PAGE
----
Tuesday 21st September, 2021

Trigger point therapy for fibromyalgia: inc. self help advice

Trigger point therapy for fibromyalgia
Scientists recommend trigger point therapy for fibromyalgia

Trigger point therapy is not only good for fibromyalgia, scientists have found that trigger points are the main cause of fibromyalgia and treating them should be the first thing considered.

In this article we will go over why trigger points are the major cause of fibromyalgia, then discuss your best treatment options, including home trigger point therapy

CONTENTS

What are trigger points
How treating trigger points helps fibromyalgia
How to treat your trigger points for fibromyalgia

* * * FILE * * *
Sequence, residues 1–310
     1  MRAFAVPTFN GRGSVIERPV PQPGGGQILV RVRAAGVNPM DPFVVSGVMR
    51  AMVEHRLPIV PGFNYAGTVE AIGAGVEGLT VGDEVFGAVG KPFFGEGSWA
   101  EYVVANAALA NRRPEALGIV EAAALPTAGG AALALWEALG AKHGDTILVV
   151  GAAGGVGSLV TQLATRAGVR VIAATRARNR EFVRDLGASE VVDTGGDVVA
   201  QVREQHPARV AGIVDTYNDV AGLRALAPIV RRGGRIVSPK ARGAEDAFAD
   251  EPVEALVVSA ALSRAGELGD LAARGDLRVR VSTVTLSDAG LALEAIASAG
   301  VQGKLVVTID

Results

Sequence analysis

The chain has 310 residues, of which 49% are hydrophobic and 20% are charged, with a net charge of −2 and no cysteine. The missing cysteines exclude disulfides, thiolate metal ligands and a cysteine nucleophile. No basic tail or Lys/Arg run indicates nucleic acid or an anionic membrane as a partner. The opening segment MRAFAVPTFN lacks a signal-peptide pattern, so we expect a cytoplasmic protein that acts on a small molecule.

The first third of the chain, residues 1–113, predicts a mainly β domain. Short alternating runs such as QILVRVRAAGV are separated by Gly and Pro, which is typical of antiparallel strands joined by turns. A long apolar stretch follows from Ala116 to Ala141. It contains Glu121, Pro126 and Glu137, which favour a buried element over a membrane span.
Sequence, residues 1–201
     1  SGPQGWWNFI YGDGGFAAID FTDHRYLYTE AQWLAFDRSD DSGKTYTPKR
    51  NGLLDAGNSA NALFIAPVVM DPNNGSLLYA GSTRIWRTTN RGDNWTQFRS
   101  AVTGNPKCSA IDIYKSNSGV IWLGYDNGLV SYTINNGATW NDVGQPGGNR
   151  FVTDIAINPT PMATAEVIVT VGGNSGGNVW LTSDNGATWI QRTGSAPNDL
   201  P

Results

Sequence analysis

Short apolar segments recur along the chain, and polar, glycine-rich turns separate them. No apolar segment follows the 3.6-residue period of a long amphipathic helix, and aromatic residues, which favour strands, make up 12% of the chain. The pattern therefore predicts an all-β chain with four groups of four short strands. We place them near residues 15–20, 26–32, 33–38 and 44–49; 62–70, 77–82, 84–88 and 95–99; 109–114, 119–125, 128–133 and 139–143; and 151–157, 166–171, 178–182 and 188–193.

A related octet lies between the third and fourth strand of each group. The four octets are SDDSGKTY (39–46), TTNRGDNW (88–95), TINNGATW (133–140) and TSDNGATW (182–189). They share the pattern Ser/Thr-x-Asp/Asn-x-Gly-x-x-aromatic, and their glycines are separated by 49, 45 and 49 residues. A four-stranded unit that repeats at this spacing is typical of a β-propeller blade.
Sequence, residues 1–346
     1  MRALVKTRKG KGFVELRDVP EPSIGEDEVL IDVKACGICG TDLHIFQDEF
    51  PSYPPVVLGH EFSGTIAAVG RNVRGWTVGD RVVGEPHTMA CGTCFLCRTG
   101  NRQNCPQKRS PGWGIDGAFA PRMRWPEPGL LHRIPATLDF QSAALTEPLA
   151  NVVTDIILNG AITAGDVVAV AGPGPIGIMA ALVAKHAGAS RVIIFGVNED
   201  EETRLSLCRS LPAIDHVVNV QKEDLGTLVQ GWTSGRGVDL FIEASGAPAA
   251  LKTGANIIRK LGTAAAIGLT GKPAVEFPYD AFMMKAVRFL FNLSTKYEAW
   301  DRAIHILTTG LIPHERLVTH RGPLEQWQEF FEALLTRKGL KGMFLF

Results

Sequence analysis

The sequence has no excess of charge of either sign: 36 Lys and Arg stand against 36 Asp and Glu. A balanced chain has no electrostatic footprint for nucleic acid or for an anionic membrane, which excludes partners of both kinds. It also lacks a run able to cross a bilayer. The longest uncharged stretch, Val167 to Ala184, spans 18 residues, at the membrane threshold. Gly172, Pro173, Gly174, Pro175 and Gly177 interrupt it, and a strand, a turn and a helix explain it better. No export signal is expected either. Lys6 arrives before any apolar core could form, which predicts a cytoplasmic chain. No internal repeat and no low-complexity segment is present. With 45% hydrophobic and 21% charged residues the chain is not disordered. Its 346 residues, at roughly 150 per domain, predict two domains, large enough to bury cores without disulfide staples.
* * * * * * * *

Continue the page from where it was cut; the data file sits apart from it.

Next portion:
Your home trigger point therapy options
Professionals
Appendix: summary of the clinical trials of massage for fibromyalgia
Appendix: what the research says about individual trigger point therapies
References

What are trigger points

Trigger points are those tender lumps in your muscles that therapists find. For more information on them please see our article trigger point basics

How trigger points cause fibromyalgia

Fibromyalgia overview
An overview of fibromyalgia

Scientists have found that fibromyalgia is caused by your nervous system being bombarded by pain over long periods of time until it becomes sensitised and acts like an amplifier, making normal stimuli painful and pain to be much worse. The biggest source of this bombarding pain is trigger points. This is because they are arguably the largest cause of musculoskeletal pain such as back, neck and shoulder pain, yet are often not diagnosed or poorly treated. Please see our article How scientists have sucessfully treated fibromyalgia for more details.

How treating trigger points helps fibromyalgia

Fibromyalgia treatment: scientific
The way the scientists successfully treated fibromyalgia